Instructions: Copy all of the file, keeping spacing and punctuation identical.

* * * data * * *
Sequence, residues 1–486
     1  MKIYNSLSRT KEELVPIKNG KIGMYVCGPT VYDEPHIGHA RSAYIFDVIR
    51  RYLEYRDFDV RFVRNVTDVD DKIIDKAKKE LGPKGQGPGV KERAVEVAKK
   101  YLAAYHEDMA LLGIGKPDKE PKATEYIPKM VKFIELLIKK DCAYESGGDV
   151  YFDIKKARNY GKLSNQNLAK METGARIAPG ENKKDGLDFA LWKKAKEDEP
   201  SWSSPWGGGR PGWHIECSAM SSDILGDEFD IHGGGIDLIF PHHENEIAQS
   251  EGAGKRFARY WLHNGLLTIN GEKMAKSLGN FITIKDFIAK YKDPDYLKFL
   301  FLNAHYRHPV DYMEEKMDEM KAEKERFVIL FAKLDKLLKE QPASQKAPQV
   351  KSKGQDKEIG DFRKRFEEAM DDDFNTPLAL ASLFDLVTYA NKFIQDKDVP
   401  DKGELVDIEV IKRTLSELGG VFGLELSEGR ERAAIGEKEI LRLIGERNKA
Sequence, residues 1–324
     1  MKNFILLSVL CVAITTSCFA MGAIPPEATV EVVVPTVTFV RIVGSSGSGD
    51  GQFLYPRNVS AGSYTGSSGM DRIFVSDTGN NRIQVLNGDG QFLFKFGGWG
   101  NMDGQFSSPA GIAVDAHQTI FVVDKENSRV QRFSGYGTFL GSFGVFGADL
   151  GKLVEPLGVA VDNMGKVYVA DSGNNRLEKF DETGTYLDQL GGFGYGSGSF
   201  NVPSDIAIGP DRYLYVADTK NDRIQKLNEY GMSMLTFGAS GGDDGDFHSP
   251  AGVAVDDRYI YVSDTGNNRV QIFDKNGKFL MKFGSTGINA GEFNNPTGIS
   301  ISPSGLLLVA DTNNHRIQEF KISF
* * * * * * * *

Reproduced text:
Sequence, residues 1–486
     1  MKIYNSLSRT KEELVPIKNG KIGMYVCGPT VYDEPHIGHA RSAYIFDVIR
    51  RYLEYRDFDV RFVRNVTDVD DKIIDKAKKE LGPKGQGPGV KERAVEVAKK
   101  YLAAYHEDMA LLGIGKPDKE PKATEYIPKM VKFIELLIKK DCAYESGGDV
   151  YFDIKKARNY GKLSNQNLAK METGARIAPG ENKKDGLDFA LWKKAKEDEP
   201  SWSSPWGGGR PGWHIECSAM SSDILGDEFD IHGGGIDLIF PHHENEIAQS
   251  EGAGKRFARY WLHNGLLTIN GEKMAKSLGN FITIKDFIAK YKDPDYLKFL
   301  FLNAHYRHPV DYMEEKMDEM KAEKERFVIL FAKLDKLLKE QPASQKAPQV
   351  KSKGQDKEIG DFRKRFEEAM DDDFNTPLAL ASLFDLVTYA NKFIQDKDVP
   401  DKGELVDIEV IKRTLSELGG VFGLELSEGR ERAAIGEKEI LRLIGERNKA
Sequence, residues 1–324
     1  MKNFILLSVL CVAITTSCFA MGAIPPEATV EVVVPTVTFV RIVGSSGSGD
    51  GQFLYPRNVS AGSYTGSSGM DRIFVSDTGN NRIQVLNGDG QFLFKFGGWG
   101  NMDGQFSSPA GIAVDAHQTI FVVDKENSRV QRFSGYGTFL GSFGVFGADL
   151  GKLVEPLGVA VDNMGKVYVA DSGNNRLEKF DETGTYLDQL GGFGYGSGSF
   201  NVPSDIAIGP DRYLYVADTK NDRIQKLNEY GMSMLTFGAS GGDDGDFHSP
   251  AGVAVDDRYI YVSDTGNNRV QIFDKNGKFL MKFGSTGINA GEFNNPTGIS
   301  ISPSGLLLVA DTNNHRIQEF KISF